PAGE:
# Thinking in React
Original: Thinking in React
# Step 1: Break the UI into a Component Hierarchy
Depending on your background, you can think about splitting up a design into components in different ways:
- Programming—use the same techniques for deciding if you should create a new function or object. One such technique is the single responsibility principle, that is, a component should ideally only do one thing. If it ends up growing, it should be decomposed into smaller subcomponents.
- CSS—consider what you would make class selectors for. (However, components are a bit less granular.)
- Design—consider how you would organize the design’s layers.
Now that you’ve identified the components in the mockup, arrange them into a hierarchy. Components that appear within another component in the mockup should appear as a child in the hierarchy:
# Step 2: Build a Static Version in React
To build a static version of your app that renders your data model, you’ll want to build components that reuse other components and pass data using props. Props are a way of passing data from parent to child. (If you’re familiar with the concept of state, don’t use state at all to build this static version. State is reserved only for interactivity, that is, data that changes over time. Since this is a static version of the app, you don’t need it.)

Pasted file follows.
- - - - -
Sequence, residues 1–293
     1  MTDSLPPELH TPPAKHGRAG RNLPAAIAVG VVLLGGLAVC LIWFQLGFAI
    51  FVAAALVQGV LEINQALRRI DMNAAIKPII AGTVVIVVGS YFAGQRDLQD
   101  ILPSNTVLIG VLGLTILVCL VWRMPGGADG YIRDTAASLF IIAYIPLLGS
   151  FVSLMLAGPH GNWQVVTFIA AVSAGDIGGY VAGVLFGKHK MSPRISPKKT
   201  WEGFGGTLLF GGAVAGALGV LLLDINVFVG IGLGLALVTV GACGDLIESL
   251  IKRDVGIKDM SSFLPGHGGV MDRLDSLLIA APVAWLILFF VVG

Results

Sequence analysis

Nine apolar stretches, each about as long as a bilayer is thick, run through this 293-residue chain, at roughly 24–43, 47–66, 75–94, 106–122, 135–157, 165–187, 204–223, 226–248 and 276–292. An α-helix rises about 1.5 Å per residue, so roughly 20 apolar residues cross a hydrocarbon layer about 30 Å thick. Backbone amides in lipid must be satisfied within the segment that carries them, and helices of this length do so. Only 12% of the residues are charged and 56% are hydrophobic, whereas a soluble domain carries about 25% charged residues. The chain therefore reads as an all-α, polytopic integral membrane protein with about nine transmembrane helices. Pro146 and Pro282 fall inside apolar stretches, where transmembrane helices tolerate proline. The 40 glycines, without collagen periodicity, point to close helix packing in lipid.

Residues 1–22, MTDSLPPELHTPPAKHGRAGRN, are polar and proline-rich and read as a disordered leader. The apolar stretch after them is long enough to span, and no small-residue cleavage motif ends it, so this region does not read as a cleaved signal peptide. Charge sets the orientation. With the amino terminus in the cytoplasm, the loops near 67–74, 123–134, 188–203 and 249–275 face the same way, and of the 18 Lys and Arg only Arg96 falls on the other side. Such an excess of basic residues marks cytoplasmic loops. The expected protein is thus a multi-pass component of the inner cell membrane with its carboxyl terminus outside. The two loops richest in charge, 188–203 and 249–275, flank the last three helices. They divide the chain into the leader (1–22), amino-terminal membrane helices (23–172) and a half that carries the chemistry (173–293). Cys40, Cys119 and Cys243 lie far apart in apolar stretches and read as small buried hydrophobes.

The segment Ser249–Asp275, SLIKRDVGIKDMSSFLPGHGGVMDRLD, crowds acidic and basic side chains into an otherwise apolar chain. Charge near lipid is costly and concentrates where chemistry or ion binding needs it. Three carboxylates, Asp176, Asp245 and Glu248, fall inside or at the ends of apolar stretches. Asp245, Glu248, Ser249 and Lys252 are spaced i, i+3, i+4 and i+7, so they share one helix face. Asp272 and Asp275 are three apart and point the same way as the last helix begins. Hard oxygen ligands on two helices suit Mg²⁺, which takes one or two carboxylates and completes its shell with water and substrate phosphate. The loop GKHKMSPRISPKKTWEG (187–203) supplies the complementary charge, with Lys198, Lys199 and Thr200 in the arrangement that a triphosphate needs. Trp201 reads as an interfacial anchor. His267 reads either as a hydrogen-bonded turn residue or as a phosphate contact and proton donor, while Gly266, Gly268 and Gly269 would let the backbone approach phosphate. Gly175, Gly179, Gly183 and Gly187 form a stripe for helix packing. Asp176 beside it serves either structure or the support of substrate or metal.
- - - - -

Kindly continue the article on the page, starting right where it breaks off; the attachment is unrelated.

# Step 3: Find the Minimal but Complete Representation of UI State
- Does it remain unchanged over time? If so, it isn’t state.
- Is it passed in from a parent via props? If so, it isn’t state.
- Can you compute it based on existing state or props in your component? If so, it definitely isn’t state!
# Step 4: Identify Where Your State Should Live
For each piece of state in your application:
- Identify every component that renders something based on that state.
- Find their closest common parent component—a component above them all in the hierarchy.
- Decide where the state should live:
- Often, you can put the state directly into their common parent.
- You can also put the state into some component above their common parent.
- If you can’t find a component where it makes sense to own the state, create a new component solely for holding the state and add it somewhere in the hierarchy above the common parent component.